Teen Cell Phone Addiction Treatment is usually referred to as a Behavioral Disorder, characterized by a teen’s chronic use of, and obsession with, a cell phone. In addition to having phone conversations, this can include all behaviors associated with smart phones, including: texting, watching videos, social media, video games, and more. Profuse cell phone use becomes Cell Phone Addiction when cell phone engagement occurs to such a degree that it distracts teens from being present and participating in the real world, eventually causing negative effects in other areas of their lives, including school work, family relationships, and other responsibilities.
There’s no denying that cell phones have become an ingrained part of our culture and are considered a necessary part of life daily by most people. When it comes to teenagers and their phones, this connection is probably even stronger, as they’ve grown up with cell phones as a normal and functioning part of their lives. However, for some teens, common cell phone use can become an addiction, characterized by teens having an unrelenting need or fixation with their phones. As with any Behavioral Disorder, what this cell phone addiction looks like can vary greatly, according to the individual teen. For some, it might be constant texting: even during meals, conversations, movies, and when they should be sleeping. For others, it might be a fixation with social media on their cell phones, where the teens are constantly checking other people’s statuses, updates, photos, and other information. For nearly all teens with a Cell Phone Addiction, the addiction is characterized by teens having an incessant need to have their phones on them at all times, available to be checked, even when no one is trying to reach them and they have no updates. This is true even to the extent that teens often sleep with their phones under their pillows or with them in bed. And it’s also common for the act of pulling out a phone and checking it to become an addictive habit in and of itself.
Regardless of the specific nature of the teen’s cell phone addiction and how it manifests, what the addiction ultimately does is separates teens from the real world and prevents them from being present in their current responsibilities and experiences. Even if teens are unaware of it, it’s common for them to actually experience relatively significant feelings of stress and pressure, due to the expectation that they always be available. It’s understandable how this can gradually lead to problems within relationships and responsibilities, such as homework and school work, if teens are constantly being interrupted and distracted by this outside source. Additionally, cell phone abuse can also become a way that teens withdraw from the real world and distract themselves from their responsibilities. This might also be relevant if the teens are suffering from a Co-Occurring Disorder and/or experiencing feelings of stress or anxiety that they’re trying to escape.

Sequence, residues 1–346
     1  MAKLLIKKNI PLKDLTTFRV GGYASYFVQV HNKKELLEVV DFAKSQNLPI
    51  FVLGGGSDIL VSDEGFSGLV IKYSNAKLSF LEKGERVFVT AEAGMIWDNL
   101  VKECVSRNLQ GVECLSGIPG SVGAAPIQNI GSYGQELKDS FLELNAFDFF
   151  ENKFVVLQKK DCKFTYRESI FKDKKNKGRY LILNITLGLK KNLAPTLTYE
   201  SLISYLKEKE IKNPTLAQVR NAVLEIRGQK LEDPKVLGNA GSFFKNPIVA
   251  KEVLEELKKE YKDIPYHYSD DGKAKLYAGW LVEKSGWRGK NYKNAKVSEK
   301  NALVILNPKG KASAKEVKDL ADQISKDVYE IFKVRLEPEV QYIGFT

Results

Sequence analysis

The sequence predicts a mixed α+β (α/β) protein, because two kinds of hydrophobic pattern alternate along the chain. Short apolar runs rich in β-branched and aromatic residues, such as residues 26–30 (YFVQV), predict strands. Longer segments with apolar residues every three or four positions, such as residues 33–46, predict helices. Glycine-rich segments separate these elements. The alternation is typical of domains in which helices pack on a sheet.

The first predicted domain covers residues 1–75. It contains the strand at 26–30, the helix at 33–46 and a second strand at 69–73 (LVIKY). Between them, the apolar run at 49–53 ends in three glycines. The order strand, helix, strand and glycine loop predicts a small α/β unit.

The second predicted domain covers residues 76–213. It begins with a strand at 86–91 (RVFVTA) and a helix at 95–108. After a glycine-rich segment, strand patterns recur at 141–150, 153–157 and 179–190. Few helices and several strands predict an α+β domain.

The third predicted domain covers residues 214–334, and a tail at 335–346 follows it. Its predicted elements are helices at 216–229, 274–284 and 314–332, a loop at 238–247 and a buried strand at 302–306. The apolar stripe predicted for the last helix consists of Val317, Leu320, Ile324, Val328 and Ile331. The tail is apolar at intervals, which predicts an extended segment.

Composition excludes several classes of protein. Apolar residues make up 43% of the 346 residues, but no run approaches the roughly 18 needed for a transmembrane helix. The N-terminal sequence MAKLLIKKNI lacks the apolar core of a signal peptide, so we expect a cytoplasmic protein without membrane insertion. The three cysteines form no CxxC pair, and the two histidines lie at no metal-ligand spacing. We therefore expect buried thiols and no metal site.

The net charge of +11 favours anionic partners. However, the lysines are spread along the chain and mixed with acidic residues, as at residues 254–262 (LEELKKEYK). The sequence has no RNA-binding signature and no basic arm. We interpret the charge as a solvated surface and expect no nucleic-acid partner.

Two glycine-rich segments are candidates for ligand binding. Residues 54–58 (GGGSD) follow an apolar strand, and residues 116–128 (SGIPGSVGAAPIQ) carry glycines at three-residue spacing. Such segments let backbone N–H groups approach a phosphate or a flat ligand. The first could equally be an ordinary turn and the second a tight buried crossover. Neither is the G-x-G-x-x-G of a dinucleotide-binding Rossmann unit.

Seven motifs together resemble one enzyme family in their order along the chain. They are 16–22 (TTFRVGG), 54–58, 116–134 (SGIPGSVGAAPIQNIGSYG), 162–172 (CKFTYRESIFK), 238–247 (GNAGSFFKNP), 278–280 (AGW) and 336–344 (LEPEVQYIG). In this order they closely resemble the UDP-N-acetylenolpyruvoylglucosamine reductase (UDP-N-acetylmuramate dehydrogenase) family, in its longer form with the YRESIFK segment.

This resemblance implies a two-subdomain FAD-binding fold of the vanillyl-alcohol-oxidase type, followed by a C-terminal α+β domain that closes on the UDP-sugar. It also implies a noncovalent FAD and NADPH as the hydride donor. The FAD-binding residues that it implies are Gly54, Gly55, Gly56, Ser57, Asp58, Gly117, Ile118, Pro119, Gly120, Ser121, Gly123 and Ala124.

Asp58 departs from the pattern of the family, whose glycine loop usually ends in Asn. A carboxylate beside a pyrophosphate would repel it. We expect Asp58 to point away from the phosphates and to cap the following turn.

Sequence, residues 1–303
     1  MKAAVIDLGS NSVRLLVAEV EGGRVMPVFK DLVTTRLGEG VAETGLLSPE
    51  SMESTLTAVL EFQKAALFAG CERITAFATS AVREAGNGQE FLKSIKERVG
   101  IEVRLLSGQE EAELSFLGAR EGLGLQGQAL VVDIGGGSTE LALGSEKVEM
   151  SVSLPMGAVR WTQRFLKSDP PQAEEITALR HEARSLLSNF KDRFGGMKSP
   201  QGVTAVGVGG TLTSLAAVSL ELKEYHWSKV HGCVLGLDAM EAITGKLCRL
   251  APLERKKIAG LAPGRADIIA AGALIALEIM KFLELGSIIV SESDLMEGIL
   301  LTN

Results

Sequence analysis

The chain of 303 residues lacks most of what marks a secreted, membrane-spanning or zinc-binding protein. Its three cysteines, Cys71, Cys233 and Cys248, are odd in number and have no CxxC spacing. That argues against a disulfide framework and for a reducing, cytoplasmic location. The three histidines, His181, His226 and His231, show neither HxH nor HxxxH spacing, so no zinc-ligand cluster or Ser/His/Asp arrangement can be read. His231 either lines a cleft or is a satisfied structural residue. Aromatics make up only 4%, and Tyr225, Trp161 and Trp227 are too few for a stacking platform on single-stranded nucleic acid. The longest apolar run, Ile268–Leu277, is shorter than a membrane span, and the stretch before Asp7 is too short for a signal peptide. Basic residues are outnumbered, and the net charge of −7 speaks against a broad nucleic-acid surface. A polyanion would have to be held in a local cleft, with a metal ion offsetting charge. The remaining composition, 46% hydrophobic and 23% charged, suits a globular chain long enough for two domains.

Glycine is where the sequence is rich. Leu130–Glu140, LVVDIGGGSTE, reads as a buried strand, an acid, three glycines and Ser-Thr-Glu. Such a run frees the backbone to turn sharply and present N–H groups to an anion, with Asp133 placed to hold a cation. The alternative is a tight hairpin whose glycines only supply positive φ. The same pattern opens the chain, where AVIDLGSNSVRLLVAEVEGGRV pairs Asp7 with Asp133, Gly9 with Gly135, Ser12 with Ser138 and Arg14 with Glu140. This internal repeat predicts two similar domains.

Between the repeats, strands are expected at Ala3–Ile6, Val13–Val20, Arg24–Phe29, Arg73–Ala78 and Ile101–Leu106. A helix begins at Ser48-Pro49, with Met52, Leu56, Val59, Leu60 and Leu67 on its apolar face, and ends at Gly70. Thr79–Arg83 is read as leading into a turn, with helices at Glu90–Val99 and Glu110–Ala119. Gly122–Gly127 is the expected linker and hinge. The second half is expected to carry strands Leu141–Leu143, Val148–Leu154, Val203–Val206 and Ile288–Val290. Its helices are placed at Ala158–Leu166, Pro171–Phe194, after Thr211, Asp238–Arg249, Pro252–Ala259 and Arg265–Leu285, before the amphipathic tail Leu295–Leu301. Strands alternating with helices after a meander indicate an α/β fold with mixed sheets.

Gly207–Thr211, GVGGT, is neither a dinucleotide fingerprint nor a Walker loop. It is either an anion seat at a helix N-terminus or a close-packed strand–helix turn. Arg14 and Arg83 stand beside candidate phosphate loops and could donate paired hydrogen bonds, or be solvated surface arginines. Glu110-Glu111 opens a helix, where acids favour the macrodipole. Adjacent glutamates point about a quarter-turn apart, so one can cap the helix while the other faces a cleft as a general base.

The first and primary thing we address in Teen Cell Phone Addiction Treatment is to put in place intentional limits and structure around the teens’ cell phone use. Even if teens are initially resistant to these limitations, we find that within a short time, they actually experience relief from this distance and feel less pressure to always be available. Along these lines, even just a few relatively small and simple changes to the teens’ cell phone habits can help them to begin reforming healthier habits in their cell phone use, as well as gain insight into how their previous cell phone behaviors have negatively affected other parts of their lives.
Beyond teens’ cell phone activities, an equal if not more significant aspect of Teen Cell Phone Addiction Treatment is for therapists to work with teens to recognize what underlying behaviors, symptoms, or conflicts might be related to the teens’ excessive cell phone use. This may be something as simple as a relationship between the cell phone use and suffering school-work, or something more complex, such as a teen experiencing symptoms of anxiety and using his/her cell phone as a way to hide. Regardless of the particular ways in which the cell phone addiction is related to other areas of the teens’ lives, we want to be extremely thorough and careful in these evaluations, making sure that we recognize any Co-Occurring Disorders that may exist. To this end, Cell Phone Addiction Treatment may likely become one aspect of a teen’s overall treatment plan, alongside other struggles the teen is having.
Because cell phones have become such a dominating force in our culture, it might seem strange or even naive to label it as an “addiction.” However, the answer to the question is, quite simply, it becomes a problem when it becomes a problem. If teens are more dedicated to checking their phones and preoccupied by being constantly present in the cell phone realm, there is a good chance that other things in their lives are suffering because of it. Furthermore, it limits teens to interacting socially through a device rather than in person, at a time in life when development of social skills is not only important, but critical.